July 9-22, 2004
Vol. 34, Issue 13
Back Issues
Make the Grade
Ford to spearhead graduate studies
Headines @ U.Va.
Exceptional Assistants Program

Apprentice Program
On the set of U.Va.’s ER for medical students
Leaders need to recharge, too
U.Va.’s library on display
See the latest in multimedia
Levy legacy: A U.Va. richer in black culture


Headlines @ U.Va.

Steroids: Appearances may be deceiving
The suspected abuse of steroids by professional athletes has caused many fans to speculate which players may be “on the juice” based upon physical appearances. Alan Rogol, a U.Va. pediatrics professor and steroid expert, cautions against playing the guessing game. Though boys often finish growing by their late teens, “it could take 10 more years to get peak bone mass and muscle mass. Part of that is training and part is the maturation process,” he said. “On the other hand, if you’ve been playing 10 or 12 years, and you’re 35 and put on 40 pounds and are ripped and totally different, that’s harder to deal with. Then I’d have to think twice.”
New York Times, June 14

Liberal arts: where’s the payoff?
In 1968, nearly half of all bachelor’s degrees were awarded in the arts and sciences. By 1983, that number had dropped to 25 percent, and has never been above 30 percent since. “In the 1960s, the dominant thing kids wanted to develop was a philosophy of life,” said Curry School dean David W. Breneman. “They were going to college for idealistic reasons. Then making money just shot to the front.” In response, some schools have now offered liberal arts students greater access to business and vocational training.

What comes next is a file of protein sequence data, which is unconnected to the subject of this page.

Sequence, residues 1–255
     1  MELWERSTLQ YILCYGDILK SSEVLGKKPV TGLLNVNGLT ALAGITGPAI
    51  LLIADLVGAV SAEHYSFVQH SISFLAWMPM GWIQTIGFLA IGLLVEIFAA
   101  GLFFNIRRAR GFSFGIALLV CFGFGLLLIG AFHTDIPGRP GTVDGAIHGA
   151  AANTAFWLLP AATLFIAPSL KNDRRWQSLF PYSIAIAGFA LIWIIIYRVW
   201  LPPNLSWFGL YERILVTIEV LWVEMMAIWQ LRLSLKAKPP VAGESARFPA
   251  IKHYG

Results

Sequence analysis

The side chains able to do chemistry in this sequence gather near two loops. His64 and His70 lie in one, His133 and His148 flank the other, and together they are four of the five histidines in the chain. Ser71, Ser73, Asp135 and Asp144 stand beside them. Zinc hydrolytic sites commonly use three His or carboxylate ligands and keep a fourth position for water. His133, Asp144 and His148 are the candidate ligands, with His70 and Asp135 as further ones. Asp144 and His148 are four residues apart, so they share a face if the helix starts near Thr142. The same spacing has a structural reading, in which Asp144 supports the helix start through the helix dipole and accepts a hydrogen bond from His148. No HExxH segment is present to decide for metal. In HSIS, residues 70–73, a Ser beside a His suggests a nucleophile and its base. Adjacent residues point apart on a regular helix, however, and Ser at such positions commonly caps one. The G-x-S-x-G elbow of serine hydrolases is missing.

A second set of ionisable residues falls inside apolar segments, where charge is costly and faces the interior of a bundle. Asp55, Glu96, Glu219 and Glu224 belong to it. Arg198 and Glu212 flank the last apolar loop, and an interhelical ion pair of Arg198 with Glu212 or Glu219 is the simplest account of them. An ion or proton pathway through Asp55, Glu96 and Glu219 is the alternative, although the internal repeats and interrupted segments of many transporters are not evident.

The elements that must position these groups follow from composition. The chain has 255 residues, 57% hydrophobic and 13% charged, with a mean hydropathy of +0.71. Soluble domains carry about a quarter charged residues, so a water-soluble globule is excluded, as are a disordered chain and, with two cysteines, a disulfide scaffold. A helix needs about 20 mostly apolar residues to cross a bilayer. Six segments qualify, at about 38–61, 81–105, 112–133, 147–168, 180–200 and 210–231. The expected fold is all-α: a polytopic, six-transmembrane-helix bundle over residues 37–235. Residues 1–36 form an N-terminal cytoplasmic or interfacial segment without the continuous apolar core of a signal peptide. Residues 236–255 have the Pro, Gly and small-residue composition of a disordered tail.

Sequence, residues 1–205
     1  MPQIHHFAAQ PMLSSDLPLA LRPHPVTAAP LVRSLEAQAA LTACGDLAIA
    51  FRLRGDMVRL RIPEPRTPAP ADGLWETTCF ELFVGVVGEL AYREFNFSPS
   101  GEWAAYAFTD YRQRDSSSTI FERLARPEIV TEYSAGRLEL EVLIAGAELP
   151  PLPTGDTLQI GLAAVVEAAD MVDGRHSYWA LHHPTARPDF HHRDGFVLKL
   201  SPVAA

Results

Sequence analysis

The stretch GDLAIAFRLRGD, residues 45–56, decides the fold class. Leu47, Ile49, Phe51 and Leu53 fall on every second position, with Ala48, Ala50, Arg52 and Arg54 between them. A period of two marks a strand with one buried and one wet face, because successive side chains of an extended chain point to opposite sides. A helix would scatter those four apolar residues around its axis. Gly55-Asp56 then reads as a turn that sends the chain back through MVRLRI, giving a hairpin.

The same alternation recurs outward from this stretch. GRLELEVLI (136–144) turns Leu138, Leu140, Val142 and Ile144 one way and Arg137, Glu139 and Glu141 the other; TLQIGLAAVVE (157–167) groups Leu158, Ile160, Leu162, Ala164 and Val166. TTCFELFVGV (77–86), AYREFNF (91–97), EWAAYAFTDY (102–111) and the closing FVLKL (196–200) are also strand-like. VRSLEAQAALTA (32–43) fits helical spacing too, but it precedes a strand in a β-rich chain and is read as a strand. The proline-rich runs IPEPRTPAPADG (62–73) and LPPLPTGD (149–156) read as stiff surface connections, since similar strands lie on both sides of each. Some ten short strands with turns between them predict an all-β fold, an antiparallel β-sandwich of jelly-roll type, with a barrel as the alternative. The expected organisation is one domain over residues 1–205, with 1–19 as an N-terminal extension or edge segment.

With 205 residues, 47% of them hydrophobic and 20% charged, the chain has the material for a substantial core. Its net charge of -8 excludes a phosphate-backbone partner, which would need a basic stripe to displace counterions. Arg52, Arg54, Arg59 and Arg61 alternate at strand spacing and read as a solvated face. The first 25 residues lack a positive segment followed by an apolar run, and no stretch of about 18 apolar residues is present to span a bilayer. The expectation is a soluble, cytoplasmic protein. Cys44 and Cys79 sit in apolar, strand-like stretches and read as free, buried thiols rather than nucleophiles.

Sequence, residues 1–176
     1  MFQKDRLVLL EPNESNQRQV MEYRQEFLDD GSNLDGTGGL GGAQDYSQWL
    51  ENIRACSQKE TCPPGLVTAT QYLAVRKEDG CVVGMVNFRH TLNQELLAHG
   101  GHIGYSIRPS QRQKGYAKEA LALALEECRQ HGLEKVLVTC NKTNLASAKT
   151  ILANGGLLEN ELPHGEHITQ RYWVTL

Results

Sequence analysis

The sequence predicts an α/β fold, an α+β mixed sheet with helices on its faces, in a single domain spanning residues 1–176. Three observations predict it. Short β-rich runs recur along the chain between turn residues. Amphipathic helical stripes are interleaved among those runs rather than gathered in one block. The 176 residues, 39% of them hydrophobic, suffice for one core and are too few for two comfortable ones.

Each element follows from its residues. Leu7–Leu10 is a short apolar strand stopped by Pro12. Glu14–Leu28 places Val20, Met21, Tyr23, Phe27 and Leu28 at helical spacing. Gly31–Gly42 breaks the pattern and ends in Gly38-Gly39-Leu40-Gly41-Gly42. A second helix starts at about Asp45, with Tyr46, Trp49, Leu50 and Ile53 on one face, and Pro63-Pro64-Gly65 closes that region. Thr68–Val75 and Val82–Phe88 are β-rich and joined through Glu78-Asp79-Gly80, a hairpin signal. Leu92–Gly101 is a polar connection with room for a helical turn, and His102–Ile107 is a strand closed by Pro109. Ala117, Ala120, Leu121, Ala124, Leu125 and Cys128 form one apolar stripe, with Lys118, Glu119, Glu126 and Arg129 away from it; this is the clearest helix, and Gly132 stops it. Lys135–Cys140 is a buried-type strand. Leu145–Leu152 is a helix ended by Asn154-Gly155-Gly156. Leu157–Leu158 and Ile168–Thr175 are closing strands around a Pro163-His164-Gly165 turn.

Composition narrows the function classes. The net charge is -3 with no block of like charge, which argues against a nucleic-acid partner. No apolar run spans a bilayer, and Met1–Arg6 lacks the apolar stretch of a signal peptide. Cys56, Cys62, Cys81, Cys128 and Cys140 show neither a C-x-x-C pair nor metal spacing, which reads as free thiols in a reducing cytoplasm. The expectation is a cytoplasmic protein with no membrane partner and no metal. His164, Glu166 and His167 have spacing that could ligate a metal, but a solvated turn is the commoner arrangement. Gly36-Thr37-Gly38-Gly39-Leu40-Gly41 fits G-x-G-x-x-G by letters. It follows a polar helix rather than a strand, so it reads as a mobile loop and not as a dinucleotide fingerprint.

New York Times, June 19

A ‘gripping’ government report?
The 17 reports recently issued by the federal 9/11 commission are drawing praise for something unusual in government circles: readability. They “offer a gripping story,” according to the New York Times, “… richly detailed and colorful, peppered with actual dialogue, gleaned from audiotapes, that provides an intimate view of that day’s events.” U.Va. history professor and Miller Center of Public Affairs director Philip D. Zelikow, the commission’s executive director, managed the writing process. “You’re both writing by committee and trying to avoid all of the vices of writing by committee,” he said. He spread the credit for the reports’ rave reviews. “There is no single, literary giant lurking behind our shoulders,” he said.
New York Times, June 20

Go west, Sabato suggests
Politics professor Larry J. Sabato recently proposed at a conference of Western governors that the Western states ought to hold a joint presidential primary — and schedule it sometime before the traditional first-in-the-nation Iowa caucuses and New Hampshire primary. “Why shouldn’t the fastest-growing, dynamic, ethically diverse states of the West have a much greater voice in the election of a president than the lily-white states of Iowa and New Hampshire?” he asked. The governors endorsed the idea.
Associated Press, June 21

U.Va. Patent Foundation lends W&M a hand
The College of William & Mary, trailing in the field of technology transfer, has enlisted a new partner in its efforts: the U.Va. Patent Foundation. Under a three-year agreement signed in February, the foundation will receive an hourly fee to “do market research, identify companies that might be interested in W&M technology and make the initial contact for W&M faculty,” said a recent newspaper account. “If a company expresses interest, the organization then contacts W&M’s tech transfer director, who then expands the relationship.”
Hampton Roads Daily Press, June 24


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